In a genre dominated by teenage girls, it’s refreshing to have some movies about the male experience, especially since so many YA films are influenced by John Hughes and Cameron Crowe
Two 80s movie gems receive 30th Anniversary Blu-ray love.
If you find yourself wishing they made movies like John Hughes did back in the day, I highly recommend The First Time.
It’s back to school time! The Popblerd staff (joined by the Popdose staff) counts down their favorite school-related films of all time.
None will ever forget. Some enjoy the anger more than others.
Scott Malchus kicks off a new series of unusual lists for Popdose.
Writer/director, Abe Sylvia, pays homage to the films of John Hughes and countless other teen films from the 1980s with his debut feature, Dirty Girl.
The Soundtrack Saturday reruns continue, this week with a Christmas movie everyone seems to love, National Lampoon’s Christmas Vacation.
Soundtrack Saturday fans rejoice! Kelly Stitzel is reposting some of the most popular, most requested Soundtrack Saturday columns as a gift to you this holiday season. First up, John Hughes’s classic Pretty in Pink.
Better produced than most of Disney’s made for TV movies, and slightly edgier, Prom is a harmless film that most parents will have fun watching with their kids.
When I was a kid, every year around this time I would watch Santa Claus Conquers the Martians. I did this despite the fact that critics regularly put this 1964 movie on their list of the worst films of all time, probably because of its inane plot, juvenile dialogue, bargain-basement costumes and the fact that it appears to have been filmed entirely in a single room that may or may not have been made of cardboard. I think I may have watched it because as a child, it’s comforting to know that Santa, in addition to bringing you toys every year, is also capable of warding off an alien invasion if necessary. Also, New York’s Channel 9 scheduled it on a Saturday afternoon every December — your choice was either that or reruns of “Hee-Haw” on Channel 11, and Roy Clark certainly never conquered any aliens, with the possible exception of Minnie Pearl. (Incidentally, I’ve embedded the entire Santa Claus Conquers the Martians below via Hulu, in case you ever have a spare 80 minutes …
As you get ready to celebrate Thanksgiving, be thankful that you don’t have to spend the holiday with a bratty pre-teen with a bad haircut. Join Kelly Stitzel as she takes a look at the soundtrack for the John Hughes-penned 1991 film, Dutch.
Before Zach Galifianakis was Between Two Ferns John Candy was “between two pillows.” Kelly Stitzel explores the soundtrack to the John Hughes classic Planes, Trains and Automobiles.
When the Lightning Seeds sprouted on modern rock radio in the spring of 1990, their songs felt (as much as anything on modern rock radio could feel) like a comfy old pair of shoes — a six- or seven-year-old pair, to be specific. Indeed, to extend another metaphor to its breaking point, Ian Broudie’s bouncy, synth-laden pop enveloped listeners like a Seed-ed cloud that had been waiting quite a while to burst – yet once it did, it became the sunniest thing on radio for most of the year. The Lightning Seeds were Broudie, for all intents and purposes, when Cloudcuckooland appeared in the U.K. in 1989 (and in the States on MCA in March 1990). A Liverpudlian who had teamed with the future Frankie, Holly Johnson, in a late-’70s punk band called Big in Japan, Broudie by 1990 was a well-traveled producer of albums for Echo and the Bunnymen, the Fall, the Colourfield and others. Interestingly, his productions were credited to “Kingbird” – and when he decided to record his own music he shielded …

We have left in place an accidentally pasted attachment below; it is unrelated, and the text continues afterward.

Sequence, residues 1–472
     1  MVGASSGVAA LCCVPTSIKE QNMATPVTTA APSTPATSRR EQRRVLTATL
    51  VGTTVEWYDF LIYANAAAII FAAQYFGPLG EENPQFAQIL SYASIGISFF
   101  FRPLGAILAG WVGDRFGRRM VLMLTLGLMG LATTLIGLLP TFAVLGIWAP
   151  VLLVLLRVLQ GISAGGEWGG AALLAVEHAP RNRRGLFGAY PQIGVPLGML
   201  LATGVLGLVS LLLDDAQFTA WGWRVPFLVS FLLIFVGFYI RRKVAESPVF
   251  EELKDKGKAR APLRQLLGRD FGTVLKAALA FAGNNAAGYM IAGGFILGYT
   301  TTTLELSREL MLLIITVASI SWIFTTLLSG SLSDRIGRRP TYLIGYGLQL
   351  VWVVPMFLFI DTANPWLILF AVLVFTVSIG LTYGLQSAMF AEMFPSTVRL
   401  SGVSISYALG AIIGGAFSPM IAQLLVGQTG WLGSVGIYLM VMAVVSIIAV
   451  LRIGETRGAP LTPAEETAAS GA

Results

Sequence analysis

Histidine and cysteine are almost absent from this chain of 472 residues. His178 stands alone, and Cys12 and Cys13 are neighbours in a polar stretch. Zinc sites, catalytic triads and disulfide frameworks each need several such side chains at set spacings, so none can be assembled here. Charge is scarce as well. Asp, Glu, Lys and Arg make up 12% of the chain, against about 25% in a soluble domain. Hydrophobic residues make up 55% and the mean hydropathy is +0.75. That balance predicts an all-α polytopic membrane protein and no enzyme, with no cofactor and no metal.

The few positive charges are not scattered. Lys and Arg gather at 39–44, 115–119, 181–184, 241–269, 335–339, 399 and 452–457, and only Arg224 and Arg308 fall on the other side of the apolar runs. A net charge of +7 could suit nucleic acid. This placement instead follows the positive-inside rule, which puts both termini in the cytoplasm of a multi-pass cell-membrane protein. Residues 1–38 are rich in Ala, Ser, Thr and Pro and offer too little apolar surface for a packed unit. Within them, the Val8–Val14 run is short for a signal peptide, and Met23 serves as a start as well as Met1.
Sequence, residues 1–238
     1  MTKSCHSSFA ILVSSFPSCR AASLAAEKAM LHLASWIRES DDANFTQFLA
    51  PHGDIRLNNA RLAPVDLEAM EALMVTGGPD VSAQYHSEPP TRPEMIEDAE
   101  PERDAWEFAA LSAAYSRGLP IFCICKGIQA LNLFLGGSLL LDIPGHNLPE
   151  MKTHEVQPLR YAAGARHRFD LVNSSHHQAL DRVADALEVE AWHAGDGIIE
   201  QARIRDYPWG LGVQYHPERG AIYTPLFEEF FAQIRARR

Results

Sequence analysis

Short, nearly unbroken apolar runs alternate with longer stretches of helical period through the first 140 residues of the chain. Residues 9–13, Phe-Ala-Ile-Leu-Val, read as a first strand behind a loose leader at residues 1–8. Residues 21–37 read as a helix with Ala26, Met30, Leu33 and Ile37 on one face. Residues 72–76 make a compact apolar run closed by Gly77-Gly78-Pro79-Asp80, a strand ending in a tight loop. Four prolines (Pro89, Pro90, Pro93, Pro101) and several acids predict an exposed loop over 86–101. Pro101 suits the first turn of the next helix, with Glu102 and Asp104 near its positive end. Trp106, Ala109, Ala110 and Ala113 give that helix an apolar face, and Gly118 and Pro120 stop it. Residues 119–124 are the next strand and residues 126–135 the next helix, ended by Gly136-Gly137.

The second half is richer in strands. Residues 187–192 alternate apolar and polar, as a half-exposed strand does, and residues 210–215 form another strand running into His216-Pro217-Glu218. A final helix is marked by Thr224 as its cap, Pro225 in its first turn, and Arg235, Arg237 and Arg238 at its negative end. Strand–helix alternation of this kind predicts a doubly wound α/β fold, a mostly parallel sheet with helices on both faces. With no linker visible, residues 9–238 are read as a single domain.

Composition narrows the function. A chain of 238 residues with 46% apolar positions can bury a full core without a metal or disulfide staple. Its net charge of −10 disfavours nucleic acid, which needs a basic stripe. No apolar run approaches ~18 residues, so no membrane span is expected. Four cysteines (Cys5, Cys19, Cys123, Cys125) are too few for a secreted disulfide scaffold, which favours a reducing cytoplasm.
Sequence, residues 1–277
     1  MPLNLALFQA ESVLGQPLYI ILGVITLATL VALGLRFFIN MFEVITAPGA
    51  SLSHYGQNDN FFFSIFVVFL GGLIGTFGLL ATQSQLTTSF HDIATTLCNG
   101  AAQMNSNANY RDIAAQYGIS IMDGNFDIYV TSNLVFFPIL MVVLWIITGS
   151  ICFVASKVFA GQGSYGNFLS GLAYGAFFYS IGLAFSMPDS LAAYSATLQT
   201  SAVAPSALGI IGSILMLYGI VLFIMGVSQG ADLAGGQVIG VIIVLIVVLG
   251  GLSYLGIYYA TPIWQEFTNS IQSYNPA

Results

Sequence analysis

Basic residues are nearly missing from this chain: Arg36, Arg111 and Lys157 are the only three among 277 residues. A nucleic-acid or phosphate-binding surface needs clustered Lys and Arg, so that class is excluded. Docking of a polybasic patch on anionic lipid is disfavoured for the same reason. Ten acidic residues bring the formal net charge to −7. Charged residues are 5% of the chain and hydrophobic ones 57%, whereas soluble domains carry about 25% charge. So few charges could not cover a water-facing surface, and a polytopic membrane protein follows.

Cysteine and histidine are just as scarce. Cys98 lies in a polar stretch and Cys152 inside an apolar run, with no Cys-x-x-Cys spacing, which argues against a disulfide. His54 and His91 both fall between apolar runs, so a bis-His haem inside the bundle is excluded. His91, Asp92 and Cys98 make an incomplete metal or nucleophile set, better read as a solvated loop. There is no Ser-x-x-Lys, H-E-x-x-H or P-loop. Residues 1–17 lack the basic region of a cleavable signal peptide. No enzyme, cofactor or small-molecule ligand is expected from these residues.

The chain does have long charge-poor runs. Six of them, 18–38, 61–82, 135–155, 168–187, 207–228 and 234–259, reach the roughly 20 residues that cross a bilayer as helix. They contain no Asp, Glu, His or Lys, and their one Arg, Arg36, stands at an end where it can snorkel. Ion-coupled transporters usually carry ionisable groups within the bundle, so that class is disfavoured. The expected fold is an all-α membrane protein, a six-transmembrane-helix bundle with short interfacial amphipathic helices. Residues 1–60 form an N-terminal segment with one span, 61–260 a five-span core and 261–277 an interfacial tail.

John C. Hughes might have flown off to the corporate great beyond, but thanks to Jon Cummings, Lost in the ’80s is back with a look at London’s Thrashing Doves.
Kelly Stitzel reveals the original inspiration for Soundtrack Saturday in her tribute to filmmaker John Hughes.
For this special edition of Bootleg City, I’m spotlighting the top 17 songs of the ’90s, a decade we can all officially start nostalgicizing on January 1, 2010. Until then we’re in limbo, if you’ll pardon the expression — the untimely deaths of Michael Jackson and John Hughes in the past six weeks have put a damper on the last blast of ’80s nostalgia in this decade. But life goes on, of course, as does pop culture’s never-ending look backward. From top to bottom, here are the top 17 songs: 1. But Anyway (Blues Traveler) 2. Put a Lid on It (Squirrel Nut Zippers) 3. 6th Avenue Heartache (The Wallflowers) 4. It’s a Shame About Ray (Lemonheads) 5. Strong Enough (Sheryl Crow) 6. Hey Dude (Kula Shaker) 7. The Freshmen (The Verve Pipe) 8. The Good Life (Weezer) 9. Where You Get Love (Matthew Sweet) 10. Mom’s a Surfer (a.k.a. My Mom Can Surf) (G. Love & Special Sauce) 11. St. Teresa (Joan Osborne) 12. Low (Cracker) 13. Landslide (Tori Amos) 14. Desperately Wanting (Better …
It’s time for another edition of Basement Songs — and this week, Scott Malchus has John Hughes on his mind.
Filmmaker John Hughes, who reinvented the teen film in the ’80s, has died, and our own John C. Hughes remembers what it was like to be a teen growing up with films like Pretty in Pink and Sixteen Candles.
If you were a GenXer coming of age in the 1980s, moviegoing meant heavy doses of Harrison Ford, too much Tom Cruise, an occasional journey into the unhinged eraserhead of David Lynch…and multitudes of Molly Ringwald. John Hughes’ hugely successful teen flicks were hit-and-miss in quality — with the exception of Sixteen Candles and Ferris Bueller’s Day Off, they all play better in the memory than they do in real time. Still, without them we might never have grown to loathe the Brat Pack — and Hughes did manage to give some early-career screen time to several young people who went on to more interesting acting careers (John Cusack, Alan Ruck and Gina Gershon, to name a few).